If you would like to see their work, call 279-1702 or 391-7147 (cell), e-mail This email address is being protected from spambots. You need JavaScript enabled to view it. or just drop by. Preview their work at www.newcaliforniagallery.com.


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Long is a plein air painter recently accepted into the San Francisco Artists Alley. Image courtesy of Marcie Ann Long.

SHOOT ‘EM UP (Rated R)


The pervasively strong bloody violence that runs nonstop through “Shoot ‘Em Up” is an American tribute to the Hong Kong action cinema popularized by director John Woo, most particularly in “Hardboiled.”


Writer-director Michael Davis has made it clear that the seeds of unrelenting gunplay of his new movie were sown by the inspiration of Woo, which has frankly been evident in a number of recent films that stage outlandish scenarios of explosive gunfights. So over-the-top in its violence, “Shoot ‘Em Up” seems that it would have been most fitting as part of the Quentin Tarantino and Robert Rodriguez collaboration that was “Grindhouse.”


Excess is redefined in “Shoot ‘Em Up,” where the amount of firepower delivered from handguns to machine guns is enough to rival numerous major offensives in large scale military battles.


The film’s hero is the enigmatic Mr. Smith (British actor Clive Owen), who comes across as the world’s angriest man with a fetish for raw carrots. We first see him minding his own business, sitting at a bus stop in an unidentified grimy urban area.


Munching on the proverbial carrot, Mr. Smith springs into action when a pregnant woman runs by screaming as she’s pursued by a carload of assassins. Intervening to save the helpless woman, Mr. Smith is soon acting as midwife for a delivery, while holding off an assault of bad guys with expert precision in formidable gunplay. Unlike Bugs Bunny, Mr. Smith also demonstrates the lethal power of a well-placed carrot.


In the midst of a ferocious gunfight, the hardboiled Mr. Smith takes it upon himself to protect an innocent newborn child. After the mother dies of a gunshot wound, his maternal instincts are seriously lacking, so he teams up with a lactating prostitute named DQ (Monica Bellucci), with whom he has some sort of shaky history.


While his mysterious brooding quality remains intact, Mr. Smith reveals little of himself, except his annoyance with the little things in life that can be irritating, with his temper blowing up amusingly in a scene where he becomes vengeful against a driver committing the cardinal sins of not using his turn signals and throwing trash out the window of his car.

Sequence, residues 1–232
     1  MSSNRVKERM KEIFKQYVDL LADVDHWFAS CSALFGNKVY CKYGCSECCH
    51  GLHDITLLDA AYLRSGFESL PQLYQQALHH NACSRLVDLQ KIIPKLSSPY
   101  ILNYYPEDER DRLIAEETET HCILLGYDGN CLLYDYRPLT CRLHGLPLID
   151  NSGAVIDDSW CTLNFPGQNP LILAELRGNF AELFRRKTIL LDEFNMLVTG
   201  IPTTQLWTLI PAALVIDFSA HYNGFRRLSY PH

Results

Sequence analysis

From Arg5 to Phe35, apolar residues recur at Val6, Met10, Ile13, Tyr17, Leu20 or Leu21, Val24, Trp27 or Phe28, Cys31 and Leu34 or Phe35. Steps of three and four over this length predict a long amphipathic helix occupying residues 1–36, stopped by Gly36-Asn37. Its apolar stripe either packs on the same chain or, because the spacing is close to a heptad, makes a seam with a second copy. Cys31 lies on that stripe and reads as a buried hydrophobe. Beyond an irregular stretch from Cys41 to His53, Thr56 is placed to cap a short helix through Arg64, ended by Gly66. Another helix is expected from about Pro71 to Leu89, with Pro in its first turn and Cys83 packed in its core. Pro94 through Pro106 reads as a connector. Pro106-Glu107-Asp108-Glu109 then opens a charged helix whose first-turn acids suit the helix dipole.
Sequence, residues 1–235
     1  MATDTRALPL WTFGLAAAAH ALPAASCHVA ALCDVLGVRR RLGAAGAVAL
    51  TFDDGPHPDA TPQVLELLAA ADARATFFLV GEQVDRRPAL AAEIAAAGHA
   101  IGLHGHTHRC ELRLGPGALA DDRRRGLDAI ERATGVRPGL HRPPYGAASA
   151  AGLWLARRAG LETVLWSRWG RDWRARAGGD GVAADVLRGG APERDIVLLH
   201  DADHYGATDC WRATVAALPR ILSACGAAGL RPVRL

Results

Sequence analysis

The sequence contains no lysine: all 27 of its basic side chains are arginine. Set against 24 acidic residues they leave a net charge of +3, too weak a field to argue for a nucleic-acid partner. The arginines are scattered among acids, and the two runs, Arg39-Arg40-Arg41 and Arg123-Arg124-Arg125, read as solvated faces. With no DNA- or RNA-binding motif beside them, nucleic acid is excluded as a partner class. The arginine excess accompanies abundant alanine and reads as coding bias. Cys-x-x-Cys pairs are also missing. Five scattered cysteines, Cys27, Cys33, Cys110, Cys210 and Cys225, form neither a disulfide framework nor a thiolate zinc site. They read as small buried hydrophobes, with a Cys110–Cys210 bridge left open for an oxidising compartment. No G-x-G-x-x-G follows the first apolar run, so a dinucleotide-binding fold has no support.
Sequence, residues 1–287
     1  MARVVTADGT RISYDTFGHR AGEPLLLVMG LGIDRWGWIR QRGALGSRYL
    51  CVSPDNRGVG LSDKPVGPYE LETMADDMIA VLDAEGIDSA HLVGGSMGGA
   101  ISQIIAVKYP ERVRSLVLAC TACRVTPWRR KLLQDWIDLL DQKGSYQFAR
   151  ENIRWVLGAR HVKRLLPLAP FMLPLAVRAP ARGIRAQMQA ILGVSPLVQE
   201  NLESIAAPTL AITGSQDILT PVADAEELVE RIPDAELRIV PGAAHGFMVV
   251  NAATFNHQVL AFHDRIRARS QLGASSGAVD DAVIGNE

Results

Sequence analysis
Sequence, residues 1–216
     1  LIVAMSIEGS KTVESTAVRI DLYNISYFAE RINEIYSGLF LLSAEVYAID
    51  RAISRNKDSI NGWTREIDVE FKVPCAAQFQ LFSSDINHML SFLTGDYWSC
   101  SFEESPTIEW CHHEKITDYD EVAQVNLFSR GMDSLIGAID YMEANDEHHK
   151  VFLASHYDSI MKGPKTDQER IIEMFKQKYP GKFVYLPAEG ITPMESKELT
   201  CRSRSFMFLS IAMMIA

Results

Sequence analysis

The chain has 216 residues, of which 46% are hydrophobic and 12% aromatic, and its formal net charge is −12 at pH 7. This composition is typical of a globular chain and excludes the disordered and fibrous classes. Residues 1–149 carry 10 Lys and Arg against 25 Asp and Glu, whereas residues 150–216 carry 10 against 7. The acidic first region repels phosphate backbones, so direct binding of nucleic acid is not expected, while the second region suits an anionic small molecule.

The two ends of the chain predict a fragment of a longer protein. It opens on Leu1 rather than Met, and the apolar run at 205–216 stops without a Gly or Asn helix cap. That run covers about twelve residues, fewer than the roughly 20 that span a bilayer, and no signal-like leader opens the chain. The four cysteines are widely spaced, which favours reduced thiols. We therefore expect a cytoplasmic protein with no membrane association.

When not teaching a lesson to careless and rude jerks, Mr. Smith is spending most of his time reloading and shooting a variety of weapons. This is necessary because he and DQ must save the baby from Hertz (Paul Giamatti), a sadistic gangster with a pencil pusher’s eyeglasses and a terrible combover.


Though plot is hardly an integral matter, the machinations behind the scenes involve a diabolical plan to harvest babies for the bone marrow needed by a crusading politician running for president, who ironically is in favor of strict gun control, if only for the moment. Senator Rutledge (Daniel Pilon) is the usual annoying political gasbag full of hot air, and you can easily anticipate his deserved fate.


Possibly the fastest-moving film of the modern era (even surpassing the adrenaline-fueled “Crank”), “Shoot ‘Em Up” does little more than turn Mr. Smith loose for every conceivable type of shootout, with each setup increasingly more outlandish. Mr. Smith spins a playground carousel with bullets so a sniper can’t shoot the baby lying on it. He rappels down a stairwell on a rope, shooting scores of black-clad commandos in the rapid fire of his machine gun. There’s a gunfight while Mr. Smith and paratroopers are free-falling out of an airplane. Even during a lovemaking scene with DQ, Mr. Smith becomes engaged in a gun battle.


By now, it should be abundantly clear that the comic-book violence of endless shootouts is nonstop, increasingly inventive and cleverly entertaining, at least for action junkies.


“Shoot ‘Em Up” delights in its ability to go completely wild and out-of-control, but it also has a dark sense of humor that is most promising. Indeed, there are a slew of witty one-liners delivered by the sarcastic Mr. Smith, and Hertz gets in the act with well-placed verbal punches.